Fundraising

The kindness of strangers will always surprise you. My best friend was the first to offer establishing a ‘GoFundMe’ campaign when she heard of the struggles I was having with Centrelink. As a naturally shy person, at first I wasn’t too keen on the idea. I knew most of my closest friends did not have much disposable cash (if any) and I didn’t know to what extent distant acquaintances or even complete strangers would be willing to part with a portion of their hard-earned salary. Did complete strangers really fund these campaigns? As I started reading through some other campaigns that were already established for the many, many other people out there who were suffering from conditions worse than mine, I felt it wasn’t my place to try to compete with them when I was already feeling so guilty for not being able to donate to them myself. I couldn’t shake the idea that if I couldn’t help all the other people out there, then I could at the very least not take potential funding away from them by having my own campaign launched.

A couple of weeks later I had coffee with some colleagues of mine who pitched the same idea. I relayed to them my concerns and they then asked whether I would be comfortable with such a campaign being circulated around our office only. I began to consider this proposal, however I also knew that in the time I had been away from work, a lot of my closest colleagues had either left the company or had taken up an overseas secondment. Upon looking at our most current employee listing, I realised nearly half of the staff members had joined after I left and therefore would have no idea who I was. It felt very much like asking complete strangers for underserved help, despite my colleagues trying to reassure me that I was in all of their mind every day.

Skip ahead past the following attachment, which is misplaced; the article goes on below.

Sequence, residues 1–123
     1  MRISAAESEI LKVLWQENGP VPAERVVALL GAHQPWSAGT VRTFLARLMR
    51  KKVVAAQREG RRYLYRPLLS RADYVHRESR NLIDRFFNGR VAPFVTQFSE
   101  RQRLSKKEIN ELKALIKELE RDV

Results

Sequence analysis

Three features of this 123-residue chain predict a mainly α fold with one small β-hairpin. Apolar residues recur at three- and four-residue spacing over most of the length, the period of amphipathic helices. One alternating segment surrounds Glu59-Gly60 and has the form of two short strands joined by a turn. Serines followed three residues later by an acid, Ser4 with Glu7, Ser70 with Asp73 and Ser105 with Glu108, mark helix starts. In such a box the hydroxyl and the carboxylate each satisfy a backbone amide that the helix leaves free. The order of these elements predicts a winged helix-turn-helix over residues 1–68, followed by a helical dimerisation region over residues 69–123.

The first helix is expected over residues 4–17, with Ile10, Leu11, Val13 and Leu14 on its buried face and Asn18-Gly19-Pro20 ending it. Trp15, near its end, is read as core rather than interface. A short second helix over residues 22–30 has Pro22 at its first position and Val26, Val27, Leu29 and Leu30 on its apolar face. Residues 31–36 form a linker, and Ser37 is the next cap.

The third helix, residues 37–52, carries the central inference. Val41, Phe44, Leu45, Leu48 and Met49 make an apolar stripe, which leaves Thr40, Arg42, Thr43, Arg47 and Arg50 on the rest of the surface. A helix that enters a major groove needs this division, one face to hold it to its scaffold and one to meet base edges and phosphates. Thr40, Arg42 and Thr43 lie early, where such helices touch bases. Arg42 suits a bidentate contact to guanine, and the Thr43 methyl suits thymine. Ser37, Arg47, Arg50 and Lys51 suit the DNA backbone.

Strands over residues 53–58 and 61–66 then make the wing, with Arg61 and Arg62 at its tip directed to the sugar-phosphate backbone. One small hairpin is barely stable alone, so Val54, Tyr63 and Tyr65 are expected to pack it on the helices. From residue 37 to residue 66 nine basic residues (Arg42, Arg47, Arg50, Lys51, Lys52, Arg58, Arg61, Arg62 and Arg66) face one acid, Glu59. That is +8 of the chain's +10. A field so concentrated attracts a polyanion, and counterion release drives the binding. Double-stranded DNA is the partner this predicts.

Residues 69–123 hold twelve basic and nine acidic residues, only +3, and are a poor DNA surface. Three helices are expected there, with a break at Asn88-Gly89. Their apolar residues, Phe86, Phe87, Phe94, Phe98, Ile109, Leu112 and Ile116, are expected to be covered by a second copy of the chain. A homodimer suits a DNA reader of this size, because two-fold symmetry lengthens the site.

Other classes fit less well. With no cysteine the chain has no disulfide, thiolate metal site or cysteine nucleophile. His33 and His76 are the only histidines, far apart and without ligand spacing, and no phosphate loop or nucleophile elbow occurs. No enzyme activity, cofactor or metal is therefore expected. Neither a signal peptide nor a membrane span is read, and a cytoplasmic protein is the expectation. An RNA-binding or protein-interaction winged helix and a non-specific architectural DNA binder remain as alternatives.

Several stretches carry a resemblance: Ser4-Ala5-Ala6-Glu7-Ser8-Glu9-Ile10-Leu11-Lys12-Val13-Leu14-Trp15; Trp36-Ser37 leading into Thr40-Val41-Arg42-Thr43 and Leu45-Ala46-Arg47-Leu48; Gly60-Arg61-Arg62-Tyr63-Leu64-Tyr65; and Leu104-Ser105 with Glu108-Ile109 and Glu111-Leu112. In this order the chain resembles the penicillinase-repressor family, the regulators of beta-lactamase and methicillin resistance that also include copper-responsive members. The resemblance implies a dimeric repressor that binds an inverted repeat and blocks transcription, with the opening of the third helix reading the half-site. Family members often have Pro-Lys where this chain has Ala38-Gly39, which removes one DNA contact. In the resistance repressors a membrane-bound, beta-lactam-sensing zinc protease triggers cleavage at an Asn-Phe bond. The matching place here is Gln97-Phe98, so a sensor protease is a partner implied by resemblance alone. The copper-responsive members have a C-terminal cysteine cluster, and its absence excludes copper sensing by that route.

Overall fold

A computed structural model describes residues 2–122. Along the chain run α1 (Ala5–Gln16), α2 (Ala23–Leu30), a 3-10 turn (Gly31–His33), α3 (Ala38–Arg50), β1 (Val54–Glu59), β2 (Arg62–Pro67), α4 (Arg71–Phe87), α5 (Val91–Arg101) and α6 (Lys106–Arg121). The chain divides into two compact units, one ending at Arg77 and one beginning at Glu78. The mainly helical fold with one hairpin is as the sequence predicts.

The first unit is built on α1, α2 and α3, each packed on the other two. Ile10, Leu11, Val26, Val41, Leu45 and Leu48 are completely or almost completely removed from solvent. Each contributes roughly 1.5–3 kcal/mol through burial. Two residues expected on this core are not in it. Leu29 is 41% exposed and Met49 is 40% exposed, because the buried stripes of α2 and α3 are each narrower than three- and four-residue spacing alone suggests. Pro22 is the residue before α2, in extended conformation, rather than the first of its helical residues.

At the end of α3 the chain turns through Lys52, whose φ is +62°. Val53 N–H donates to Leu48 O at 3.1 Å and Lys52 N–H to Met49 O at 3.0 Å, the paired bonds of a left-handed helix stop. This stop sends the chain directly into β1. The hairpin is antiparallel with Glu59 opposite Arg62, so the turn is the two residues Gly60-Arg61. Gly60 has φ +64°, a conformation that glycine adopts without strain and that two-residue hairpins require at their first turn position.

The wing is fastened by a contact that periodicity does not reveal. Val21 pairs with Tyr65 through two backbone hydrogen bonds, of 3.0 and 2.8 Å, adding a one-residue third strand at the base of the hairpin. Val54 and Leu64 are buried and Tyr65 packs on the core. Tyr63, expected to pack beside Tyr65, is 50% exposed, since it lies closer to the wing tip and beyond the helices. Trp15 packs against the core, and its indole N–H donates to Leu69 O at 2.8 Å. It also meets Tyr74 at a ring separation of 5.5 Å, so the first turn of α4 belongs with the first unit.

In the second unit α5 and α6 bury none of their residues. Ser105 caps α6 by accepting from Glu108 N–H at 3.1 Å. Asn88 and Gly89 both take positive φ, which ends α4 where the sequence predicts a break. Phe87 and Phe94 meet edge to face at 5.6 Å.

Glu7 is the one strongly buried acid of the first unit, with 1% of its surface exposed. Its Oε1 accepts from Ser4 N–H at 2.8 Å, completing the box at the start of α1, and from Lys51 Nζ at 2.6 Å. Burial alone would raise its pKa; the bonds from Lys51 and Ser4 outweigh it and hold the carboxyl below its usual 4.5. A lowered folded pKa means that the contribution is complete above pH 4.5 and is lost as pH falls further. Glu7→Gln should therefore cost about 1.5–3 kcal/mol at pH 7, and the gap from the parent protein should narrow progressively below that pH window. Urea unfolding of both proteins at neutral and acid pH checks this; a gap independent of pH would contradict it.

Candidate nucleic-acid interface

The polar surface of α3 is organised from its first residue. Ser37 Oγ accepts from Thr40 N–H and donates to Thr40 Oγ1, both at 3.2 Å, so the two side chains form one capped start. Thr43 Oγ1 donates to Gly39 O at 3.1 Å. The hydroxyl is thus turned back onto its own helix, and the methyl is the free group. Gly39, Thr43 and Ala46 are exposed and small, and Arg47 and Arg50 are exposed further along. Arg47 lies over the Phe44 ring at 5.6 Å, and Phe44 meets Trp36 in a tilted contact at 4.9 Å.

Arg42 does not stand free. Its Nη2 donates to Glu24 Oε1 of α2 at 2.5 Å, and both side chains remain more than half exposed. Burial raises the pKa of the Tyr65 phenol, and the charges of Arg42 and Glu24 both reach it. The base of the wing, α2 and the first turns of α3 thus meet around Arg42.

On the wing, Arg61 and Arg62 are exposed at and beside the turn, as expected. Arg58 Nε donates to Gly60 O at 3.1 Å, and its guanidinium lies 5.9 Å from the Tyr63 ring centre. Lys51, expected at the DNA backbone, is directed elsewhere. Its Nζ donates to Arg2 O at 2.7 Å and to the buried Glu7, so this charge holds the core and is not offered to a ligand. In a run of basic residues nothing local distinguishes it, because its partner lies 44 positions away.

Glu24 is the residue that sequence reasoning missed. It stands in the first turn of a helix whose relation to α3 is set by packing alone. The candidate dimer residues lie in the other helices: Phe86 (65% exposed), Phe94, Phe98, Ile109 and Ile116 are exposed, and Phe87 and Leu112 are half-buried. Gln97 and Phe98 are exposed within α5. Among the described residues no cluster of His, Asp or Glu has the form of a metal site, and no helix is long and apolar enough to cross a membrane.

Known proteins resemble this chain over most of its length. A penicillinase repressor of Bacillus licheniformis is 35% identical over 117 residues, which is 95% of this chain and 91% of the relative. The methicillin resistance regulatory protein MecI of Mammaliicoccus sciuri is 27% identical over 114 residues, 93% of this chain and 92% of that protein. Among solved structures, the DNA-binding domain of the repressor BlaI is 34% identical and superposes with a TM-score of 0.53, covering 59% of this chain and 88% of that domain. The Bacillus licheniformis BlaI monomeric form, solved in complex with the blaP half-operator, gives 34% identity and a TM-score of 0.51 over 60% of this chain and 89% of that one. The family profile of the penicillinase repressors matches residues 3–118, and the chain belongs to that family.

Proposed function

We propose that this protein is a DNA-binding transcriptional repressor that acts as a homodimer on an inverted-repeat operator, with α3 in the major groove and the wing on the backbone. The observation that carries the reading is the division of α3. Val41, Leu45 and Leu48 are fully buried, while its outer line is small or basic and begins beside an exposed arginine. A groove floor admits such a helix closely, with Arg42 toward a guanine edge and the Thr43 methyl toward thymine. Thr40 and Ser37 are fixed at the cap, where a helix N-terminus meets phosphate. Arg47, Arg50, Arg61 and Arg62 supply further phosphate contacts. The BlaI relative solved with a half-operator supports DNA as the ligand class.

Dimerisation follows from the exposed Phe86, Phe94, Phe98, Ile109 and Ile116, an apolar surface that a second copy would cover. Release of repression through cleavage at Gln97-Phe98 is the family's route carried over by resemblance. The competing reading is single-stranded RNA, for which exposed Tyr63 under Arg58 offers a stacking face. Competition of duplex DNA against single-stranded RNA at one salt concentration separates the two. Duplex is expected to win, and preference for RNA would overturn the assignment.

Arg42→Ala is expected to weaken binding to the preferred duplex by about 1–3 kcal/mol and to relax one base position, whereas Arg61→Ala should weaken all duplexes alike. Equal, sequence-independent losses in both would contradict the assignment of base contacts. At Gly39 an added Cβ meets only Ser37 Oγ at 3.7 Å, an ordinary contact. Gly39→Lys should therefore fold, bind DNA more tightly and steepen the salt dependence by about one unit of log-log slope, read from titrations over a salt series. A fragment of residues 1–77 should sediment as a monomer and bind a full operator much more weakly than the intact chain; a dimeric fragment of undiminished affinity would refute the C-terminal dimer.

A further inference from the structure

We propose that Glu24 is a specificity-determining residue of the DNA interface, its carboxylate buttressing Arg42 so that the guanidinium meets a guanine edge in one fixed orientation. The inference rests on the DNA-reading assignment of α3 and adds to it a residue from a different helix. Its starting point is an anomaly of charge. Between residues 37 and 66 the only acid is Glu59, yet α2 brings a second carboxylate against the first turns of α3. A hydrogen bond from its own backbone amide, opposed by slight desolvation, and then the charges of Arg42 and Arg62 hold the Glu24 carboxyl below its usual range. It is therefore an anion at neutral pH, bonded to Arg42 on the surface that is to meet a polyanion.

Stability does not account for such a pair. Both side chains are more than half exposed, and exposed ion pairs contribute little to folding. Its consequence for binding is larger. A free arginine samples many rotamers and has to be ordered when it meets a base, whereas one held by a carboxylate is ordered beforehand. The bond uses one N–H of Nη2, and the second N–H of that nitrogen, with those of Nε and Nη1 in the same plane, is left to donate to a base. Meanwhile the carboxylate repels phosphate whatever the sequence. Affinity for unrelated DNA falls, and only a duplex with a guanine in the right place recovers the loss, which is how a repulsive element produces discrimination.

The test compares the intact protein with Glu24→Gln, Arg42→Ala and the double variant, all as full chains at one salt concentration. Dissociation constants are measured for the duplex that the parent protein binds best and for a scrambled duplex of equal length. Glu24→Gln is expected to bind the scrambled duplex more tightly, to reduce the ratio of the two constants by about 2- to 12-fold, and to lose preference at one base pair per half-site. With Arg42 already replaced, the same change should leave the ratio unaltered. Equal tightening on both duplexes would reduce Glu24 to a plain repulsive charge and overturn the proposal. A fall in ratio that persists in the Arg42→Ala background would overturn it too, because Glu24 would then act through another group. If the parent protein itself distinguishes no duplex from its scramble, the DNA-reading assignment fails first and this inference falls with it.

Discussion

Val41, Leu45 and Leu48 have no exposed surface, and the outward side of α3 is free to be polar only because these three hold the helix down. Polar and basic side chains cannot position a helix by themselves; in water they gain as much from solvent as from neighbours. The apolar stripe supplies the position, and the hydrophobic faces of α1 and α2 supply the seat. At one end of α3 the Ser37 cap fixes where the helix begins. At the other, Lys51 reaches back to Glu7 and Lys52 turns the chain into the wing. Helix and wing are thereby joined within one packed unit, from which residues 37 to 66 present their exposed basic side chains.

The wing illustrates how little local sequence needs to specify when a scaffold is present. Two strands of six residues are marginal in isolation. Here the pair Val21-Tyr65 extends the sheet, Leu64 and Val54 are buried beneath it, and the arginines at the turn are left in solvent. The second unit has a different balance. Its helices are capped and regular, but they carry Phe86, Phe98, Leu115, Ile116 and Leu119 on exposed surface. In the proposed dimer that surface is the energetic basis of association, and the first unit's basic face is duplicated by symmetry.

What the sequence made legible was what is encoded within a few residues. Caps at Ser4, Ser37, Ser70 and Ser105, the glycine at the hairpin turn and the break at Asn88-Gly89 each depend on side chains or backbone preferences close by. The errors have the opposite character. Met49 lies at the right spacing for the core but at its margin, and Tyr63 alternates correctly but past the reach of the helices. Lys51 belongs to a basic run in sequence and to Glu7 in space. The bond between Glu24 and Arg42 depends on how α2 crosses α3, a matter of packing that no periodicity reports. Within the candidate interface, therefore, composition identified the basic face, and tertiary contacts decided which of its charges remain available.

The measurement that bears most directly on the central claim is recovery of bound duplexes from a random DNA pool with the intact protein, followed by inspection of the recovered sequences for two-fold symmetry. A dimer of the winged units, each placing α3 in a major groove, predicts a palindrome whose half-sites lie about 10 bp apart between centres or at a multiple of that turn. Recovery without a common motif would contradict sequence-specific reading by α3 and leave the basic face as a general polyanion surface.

In the end, the most senior members of my team banded together to pitch in enough money for me to completely clear the debt I had accumulated from the treatments I received. It was an extremely humbling moment as it came at a time when I was losing hope and feeling overwhelmed by financial stress. To have that weight taken off my shoulders gave me the strength to centre myself once again and stay focused on my goal of beating cancer. It also was the reminder I needed that my worries of becoming obsolete were completely invalid and that my team were still there, waiting patiently for me to take as much time as I needed to regain my health and return to work in full form. It was a truly touching gesture that reignited my pride in my work and the ultimate demonstration of how generous people can be.

Everyone needs help at some stage in their life so there is no shame in admitting when it happens to you. No matter how proud, shy or alone you feel, don’t shut others out thinking you’re doing them a favour. Establishing your own fundraiser can feel very daunting or even slightly narcissistic (you’d be surprised how hard it can be to talk about yourself on a public forum) so if you can get a friend to write your story up for you I would highly recommend it. The funding I received out of the charity of others was the only thing that stopped me from becoming completely financially screwed, so don’t forget that when you’re diagnosed with a serious illness you should be embracing every opportunity you have to seek help from others in order to get yourself back on track.

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